I attended a parochial elementary school in Western Kentucky as a child. The school and attached church had been around for some time likely predating World War II. My most enduring memories of the school are of the library and the old radiator system that heated the buildings. These two disparate things came together to shape my love of books and writing.
Every classroom in the school was equipped with at least two radiators. These were the classic cast-iron types that would literally burn you if you touched them with your bare skin. A menacing boiler stuffed into a dark, dingy room on the first floor fed the radiators as they clanked, pinged, and hissed heating our classrooms to a balmy mid-Spring warmth during the cold Kentucky winters.
The school library was fitted into one of the larger second-floor classrooms. The whole school smelled of age and dust, but the library possessed the additional sweet, musty odor of books. Tall metal shelves lined the walls and were set in rows in one half of the room. The second half was occupied by several tables and chairs, smaller shelves containing picture books, and a rug which served as our seating area for story time. We visited the library once a week for an entire period or could receive library passes from teachers whenever we completed our classwork and had time left before the next period. The library was my favorite place to go and I never missed an opportunity to visit.
The school was a Catholic school staffed by a combination of nuns and lay teachers. Sister Ellen was the librarian for many of the years I was there and I had a special arrangement with her. Always looking for a reason to be invited to the library, I would help Sister Ellen return books to the shelves, dust-mop the floors, clean the chalkboards, or assist with any other menial tasks needing attending to. In exchange, I came and went from the library as I pleased.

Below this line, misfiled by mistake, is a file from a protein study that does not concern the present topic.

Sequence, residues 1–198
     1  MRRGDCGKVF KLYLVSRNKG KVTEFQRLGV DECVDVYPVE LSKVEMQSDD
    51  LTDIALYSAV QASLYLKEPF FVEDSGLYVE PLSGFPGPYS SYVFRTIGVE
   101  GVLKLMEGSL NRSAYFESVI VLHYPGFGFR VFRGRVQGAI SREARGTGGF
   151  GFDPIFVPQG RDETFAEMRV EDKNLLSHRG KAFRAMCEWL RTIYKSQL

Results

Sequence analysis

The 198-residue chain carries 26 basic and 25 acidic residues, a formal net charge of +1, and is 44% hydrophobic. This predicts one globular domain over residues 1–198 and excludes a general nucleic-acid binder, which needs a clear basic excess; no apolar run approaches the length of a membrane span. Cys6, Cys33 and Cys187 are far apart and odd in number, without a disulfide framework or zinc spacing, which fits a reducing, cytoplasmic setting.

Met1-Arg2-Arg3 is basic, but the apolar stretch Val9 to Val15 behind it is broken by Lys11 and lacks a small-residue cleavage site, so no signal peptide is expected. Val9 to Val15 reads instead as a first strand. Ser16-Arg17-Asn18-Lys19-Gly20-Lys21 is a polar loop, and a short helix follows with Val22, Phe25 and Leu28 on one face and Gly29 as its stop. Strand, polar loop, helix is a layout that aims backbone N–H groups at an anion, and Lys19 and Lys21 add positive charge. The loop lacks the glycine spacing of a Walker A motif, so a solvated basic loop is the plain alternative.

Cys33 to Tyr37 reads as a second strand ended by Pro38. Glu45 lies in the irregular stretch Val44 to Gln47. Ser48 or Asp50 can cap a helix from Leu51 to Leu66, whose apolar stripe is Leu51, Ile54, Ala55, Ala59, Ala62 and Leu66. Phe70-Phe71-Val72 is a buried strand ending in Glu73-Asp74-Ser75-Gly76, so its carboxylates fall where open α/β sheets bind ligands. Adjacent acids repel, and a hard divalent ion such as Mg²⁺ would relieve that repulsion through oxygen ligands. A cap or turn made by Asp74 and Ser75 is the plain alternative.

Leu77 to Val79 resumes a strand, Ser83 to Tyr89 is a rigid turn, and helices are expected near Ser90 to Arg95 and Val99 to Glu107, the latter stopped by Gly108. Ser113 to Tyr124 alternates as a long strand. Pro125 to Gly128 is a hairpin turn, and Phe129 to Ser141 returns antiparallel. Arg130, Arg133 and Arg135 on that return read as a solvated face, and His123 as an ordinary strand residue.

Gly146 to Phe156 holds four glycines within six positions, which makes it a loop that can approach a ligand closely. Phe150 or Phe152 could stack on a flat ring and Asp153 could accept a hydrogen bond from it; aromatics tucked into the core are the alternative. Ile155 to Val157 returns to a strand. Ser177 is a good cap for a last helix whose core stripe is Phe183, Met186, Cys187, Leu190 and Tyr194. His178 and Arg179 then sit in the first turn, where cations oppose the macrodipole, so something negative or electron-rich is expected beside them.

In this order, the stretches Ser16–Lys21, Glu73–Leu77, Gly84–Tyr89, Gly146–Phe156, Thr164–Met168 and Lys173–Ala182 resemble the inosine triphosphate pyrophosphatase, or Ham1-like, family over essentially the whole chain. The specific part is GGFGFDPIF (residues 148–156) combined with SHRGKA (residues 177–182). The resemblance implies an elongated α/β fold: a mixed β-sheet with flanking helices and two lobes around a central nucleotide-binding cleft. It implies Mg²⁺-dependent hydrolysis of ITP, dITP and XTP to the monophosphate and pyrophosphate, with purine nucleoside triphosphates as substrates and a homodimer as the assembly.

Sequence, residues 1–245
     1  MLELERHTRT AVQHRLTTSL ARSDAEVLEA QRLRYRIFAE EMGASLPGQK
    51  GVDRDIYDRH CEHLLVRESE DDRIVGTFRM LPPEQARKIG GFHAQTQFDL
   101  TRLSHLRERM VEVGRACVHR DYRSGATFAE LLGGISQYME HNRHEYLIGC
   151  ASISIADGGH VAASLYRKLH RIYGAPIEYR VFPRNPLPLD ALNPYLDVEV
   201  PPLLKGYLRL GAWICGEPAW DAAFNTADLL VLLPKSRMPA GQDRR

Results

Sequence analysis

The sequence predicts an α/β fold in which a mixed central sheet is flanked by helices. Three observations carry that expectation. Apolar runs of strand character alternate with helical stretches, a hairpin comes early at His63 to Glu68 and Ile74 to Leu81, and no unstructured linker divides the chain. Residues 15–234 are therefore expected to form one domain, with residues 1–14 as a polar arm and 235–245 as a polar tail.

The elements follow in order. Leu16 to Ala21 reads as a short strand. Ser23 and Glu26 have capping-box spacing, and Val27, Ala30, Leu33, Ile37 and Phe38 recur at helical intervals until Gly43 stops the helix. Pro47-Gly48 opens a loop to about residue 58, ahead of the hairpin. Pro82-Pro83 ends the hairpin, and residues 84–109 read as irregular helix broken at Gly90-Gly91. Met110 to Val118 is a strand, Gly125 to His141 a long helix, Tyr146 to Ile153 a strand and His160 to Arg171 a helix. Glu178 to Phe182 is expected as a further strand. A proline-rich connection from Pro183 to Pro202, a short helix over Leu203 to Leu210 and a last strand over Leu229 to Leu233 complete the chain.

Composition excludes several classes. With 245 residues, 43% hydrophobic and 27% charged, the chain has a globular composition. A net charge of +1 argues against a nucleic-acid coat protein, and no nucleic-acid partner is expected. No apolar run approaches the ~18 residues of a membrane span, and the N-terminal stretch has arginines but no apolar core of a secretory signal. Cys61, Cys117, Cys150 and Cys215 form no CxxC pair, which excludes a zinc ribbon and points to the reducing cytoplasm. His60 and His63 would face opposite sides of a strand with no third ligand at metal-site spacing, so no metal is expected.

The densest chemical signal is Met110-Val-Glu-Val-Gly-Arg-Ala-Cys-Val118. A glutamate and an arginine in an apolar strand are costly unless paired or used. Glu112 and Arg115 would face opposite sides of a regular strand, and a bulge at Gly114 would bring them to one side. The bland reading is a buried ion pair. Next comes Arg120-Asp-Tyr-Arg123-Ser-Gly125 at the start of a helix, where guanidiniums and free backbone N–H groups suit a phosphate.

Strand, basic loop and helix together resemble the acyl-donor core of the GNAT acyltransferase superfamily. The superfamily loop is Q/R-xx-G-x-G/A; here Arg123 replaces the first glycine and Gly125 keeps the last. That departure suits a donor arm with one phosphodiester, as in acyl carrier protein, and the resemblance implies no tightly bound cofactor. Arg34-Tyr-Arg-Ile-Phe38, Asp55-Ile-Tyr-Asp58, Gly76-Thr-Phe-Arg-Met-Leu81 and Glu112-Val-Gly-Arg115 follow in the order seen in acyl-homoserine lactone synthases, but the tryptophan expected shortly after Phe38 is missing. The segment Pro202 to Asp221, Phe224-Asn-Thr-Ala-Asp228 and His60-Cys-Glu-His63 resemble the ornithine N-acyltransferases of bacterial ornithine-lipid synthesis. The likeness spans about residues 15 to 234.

I enjoyed any time I spent in the library, but my favorite came during the winter months. A small space existed between a bookshelf and one of the radiators, and the brown and black floor tiles were always toasty warm in that nook. I would find a book on one of my favorite topics – extreme weather, Bigfoot, UFOs, volcanoes – and wedge myself into that spot or sprawl onto the floor in front of the radiator. There I would lose myself for the half hour or so of free reading before Sister Ellen called us to the rug to listen to another adventure of Encyclopedia Brown. This library, its radiator-heated tile floor, and the countless hours I spent there were the ingredients to the primordial soup from which the writer in me evolved.
The first story I recall writing I wrote in second grade for a contest at school. I rewrote the plot of the movie The Empire Strikes Back – or at least the showdown between Darth Vader and Luke Skywalker – turning the tide heavily in favor of the Sith Lord. The story garnered my first and, to date, only literary awards: I took first place in my grade-level at school and second place somewhere beyond.
My foray into long-form fiction came not too long after when I discovered the word processor on our Kaypro II home computer. The timing was impeccable as I had serious concerns regarding the story arc involving two of my favorite G.I. Joe comic book characters. The Kaypro’s nine-inch CRT screen, with its green dot matrix display, became the window through which I first observed the fantasy world inside my head. My book opened with Snake Eyes penetrating a secret Cobra compound, via a ventilation shaft, on his way to facing off with his brother/enemy Storm Shadow. I do not recall how the story played out and sadly it is lost somewhere on a 5½” floppy disk.
To say my writing career flourished from there would be a lie. I have had my moments, but they have been brief and separated by vast, barren voids of “more responsible pursuits.” Amazingly, the creative fire inside of me has never completely died. Perhaps when I come again to those two roads diverging in a wood, I will take the one less traveled by. And hopefully, all the difference that will make.